In the early years of my Christian life I was greatly perplexed and distressed by the supposition that the plain and simple words of such Scriptures as John 3:16; 1 John 2:2; 1 Timothy 2:6 were not true, save in a cryptic sense understood only by the initiated. For, I was told, the over-shadowing truth of Divine sovereignty in election barred our taking them literally. But half a century ago a friend of those days—the late Dr. Horatius Bonar—delivered me from this strangely prevalent error. He taught me that truths may seem to us irreconcilable only because our finite minds cannot understand the Infinite; and we must never allow our faulty apprehension of the eternal counsels of God to hinder unquestioning faith in the words of Holy Scripture.20
Dispensationalists have endeavored to follow this rule of Biblical interpretation: When the plain sense makes good sense seek no other sense lest it result in nonsense! But others have abandoned a literal approach when it comes to certain areas of Scripture. Limited redemptionists, for example, seem to have followed another rule: When the plain sense contradicts our theological system seek some other sense lest we end up contradicting our particular brand of Calvinism.
Over three hundred years ago Richard Baxter wrote the following:
When God telleth us as plain as can be spoken, that Christ died for and tasted death for every man, men will deny it, and to that end subvert the plain sense of the words, merely because they cannot see how this can stand with Christ’s damning men, and with his special Love to his chosen. It is not hard to see the fair and harmonious consistency: But what if you cannot see how two plain Truths of the Gospel should agree? Will you therefore deny one of them when both are plain? Is not that in high pride to prefer your own understandings before the wisdom of the Spirit of God, who [inspired] the Scriptures? Should not a humble man rather say, doubtless both are true though I cannot reconcile them. So others will deny these plain truths, because they think that [All that Christ died for are certainly Justified and Saved: For whomsoever he died and satisfied Justice for, them he procured Faith to Believe in him: God cannot justly punish those whom Christ hath satisfied for, etc.] But doth the Scripture speak all these or any of these opinions of theirs, as plainly as it saith that Christ died for all and every man? Doth it say, as plainly any where that he died not for all? Doth it any where except any one man, and say Christ died not for him? Doth it say any where that he died only for his Sheep, or his Elect, and exclude the Non-Elect? There is no such word in all the Bible; Should not then the certain truths and the plain texts be the Standard to the uncertain points, and obscure texts?21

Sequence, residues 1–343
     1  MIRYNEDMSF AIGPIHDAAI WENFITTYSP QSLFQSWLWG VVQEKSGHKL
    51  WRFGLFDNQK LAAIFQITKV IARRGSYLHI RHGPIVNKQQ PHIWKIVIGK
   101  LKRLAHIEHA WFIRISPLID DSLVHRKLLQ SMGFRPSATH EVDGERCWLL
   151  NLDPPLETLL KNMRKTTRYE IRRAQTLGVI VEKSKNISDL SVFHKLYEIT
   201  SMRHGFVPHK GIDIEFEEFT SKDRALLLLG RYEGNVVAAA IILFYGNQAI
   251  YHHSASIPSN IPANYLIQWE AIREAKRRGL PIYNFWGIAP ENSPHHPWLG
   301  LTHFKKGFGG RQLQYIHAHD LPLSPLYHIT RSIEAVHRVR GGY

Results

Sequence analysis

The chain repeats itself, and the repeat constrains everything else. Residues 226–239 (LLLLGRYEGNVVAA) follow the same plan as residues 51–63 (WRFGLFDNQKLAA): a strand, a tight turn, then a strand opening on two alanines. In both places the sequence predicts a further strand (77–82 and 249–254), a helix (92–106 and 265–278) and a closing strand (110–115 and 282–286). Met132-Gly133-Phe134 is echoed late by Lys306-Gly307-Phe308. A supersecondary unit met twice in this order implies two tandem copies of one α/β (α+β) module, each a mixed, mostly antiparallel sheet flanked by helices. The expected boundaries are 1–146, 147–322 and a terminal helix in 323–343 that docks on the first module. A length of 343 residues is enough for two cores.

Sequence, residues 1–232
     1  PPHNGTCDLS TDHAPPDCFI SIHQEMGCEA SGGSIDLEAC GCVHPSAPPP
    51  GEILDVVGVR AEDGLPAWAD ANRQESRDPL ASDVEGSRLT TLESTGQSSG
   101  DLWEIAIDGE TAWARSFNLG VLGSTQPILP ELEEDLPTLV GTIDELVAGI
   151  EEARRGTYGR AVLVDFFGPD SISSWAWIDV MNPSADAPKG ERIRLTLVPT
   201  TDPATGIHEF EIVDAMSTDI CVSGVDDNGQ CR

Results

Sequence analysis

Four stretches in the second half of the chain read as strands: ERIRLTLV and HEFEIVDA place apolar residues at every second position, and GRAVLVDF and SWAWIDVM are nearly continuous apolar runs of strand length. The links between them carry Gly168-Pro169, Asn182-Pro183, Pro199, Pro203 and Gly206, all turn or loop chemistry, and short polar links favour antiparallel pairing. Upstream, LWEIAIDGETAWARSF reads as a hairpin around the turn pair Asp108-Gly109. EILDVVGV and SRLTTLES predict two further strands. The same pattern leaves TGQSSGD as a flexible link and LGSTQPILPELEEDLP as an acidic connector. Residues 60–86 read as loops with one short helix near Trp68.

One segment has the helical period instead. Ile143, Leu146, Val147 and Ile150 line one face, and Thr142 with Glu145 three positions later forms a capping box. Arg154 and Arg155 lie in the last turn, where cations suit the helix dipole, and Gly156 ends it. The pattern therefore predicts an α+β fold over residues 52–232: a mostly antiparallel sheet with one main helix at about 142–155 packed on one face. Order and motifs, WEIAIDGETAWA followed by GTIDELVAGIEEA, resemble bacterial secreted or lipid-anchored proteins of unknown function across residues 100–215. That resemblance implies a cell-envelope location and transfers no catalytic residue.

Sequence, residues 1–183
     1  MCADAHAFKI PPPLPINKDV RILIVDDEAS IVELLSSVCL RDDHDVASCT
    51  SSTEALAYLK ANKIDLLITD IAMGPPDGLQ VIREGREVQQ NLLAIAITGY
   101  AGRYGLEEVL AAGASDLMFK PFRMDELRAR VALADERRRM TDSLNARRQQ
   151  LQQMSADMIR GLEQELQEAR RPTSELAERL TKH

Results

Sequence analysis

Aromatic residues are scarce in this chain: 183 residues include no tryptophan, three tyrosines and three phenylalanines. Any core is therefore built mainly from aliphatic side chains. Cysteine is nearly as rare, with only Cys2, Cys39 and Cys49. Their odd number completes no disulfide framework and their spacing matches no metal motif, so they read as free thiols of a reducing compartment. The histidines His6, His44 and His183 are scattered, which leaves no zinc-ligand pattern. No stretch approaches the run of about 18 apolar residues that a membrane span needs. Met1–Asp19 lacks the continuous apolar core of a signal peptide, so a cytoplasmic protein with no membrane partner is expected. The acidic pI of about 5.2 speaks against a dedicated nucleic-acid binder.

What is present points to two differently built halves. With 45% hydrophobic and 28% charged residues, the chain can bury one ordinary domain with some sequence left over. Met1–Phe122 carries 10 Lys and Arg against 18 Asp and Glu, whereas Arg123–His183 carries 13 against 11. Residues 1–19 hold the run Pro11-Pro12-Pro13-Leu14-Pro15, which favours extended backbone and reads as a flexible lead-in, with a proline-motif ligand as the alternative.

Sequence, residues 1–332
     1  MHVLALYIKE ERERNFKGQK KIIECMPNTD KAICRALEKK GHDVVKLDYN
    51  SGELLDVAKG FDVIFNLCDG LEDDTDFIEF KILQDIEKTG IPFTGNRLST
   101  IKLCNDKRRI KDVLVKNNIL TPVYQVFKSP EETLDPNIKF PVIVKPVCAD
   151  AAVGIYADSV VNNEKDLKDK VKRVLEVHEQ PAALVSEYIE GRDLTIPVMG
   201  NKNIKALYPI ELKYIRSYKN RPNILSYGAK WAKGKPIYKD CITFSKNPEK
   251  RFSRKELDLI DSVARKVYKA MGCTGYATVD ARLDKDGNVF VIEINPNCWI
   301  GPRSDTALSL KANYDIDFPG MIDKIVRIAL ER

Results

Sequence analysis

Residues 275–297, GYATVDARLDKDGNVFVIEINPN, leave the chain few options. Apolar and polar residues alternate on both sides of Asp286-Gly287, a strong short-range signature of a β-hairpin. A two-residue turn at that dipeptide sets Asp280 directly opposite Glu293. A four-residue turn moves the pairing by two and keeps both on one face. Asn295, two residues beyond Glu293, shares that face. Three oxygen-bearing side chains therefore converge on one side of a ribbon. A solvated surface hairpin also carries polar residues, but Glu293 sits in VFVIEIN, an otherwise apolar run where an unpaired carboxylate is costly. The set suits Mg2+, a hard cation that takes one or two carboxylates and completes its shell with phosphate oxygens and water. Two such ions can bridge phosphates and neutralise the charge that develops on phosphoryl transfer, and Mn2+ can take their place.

Richard Baxter then skillfully applied these principles to the case at hand:
Now I would know of any man, would you believe that Christ died for all men if the Scripture plainly speak it? If you would, do but tell me, what words can you devise or would you wish more plain for it than are there used? Is it not enough that Christ is called the Saviour of the World? You’ll say, but is it of the whole World? Yes, it saith, He is the propitiation for the sins of the whole World. Will you say, but it is not for All men in the World? Yes it saith he died for All men, as well as for all the World. But will you say, it saith not for every man? Yes it doth say, he tasted death for every man. But you may say, It means all the Elect, if it said so of any Non-Elect I would believe. Yes, it speaks of those that denied the Lord that bought them, and bring upon themselves swift destruction. And yet all this seems nothing to men prejudiced.22
I knew of a man who was not committed to the belief that Christ died for all men and yet he made this remarkable concession: “If Christ really did die for all men, then I don’t know how the Bible could say it any clearer than it does.” How true! This same man later embraced the doctrine of unlimited atonement because he could not deny the clear and plain statements of Scripture.
For a much fuller discussion of the importance of a literal interpretation, see the following document: Do I Interpret the Bible Literally? Six Tests To See if I Truly Do[25 cents].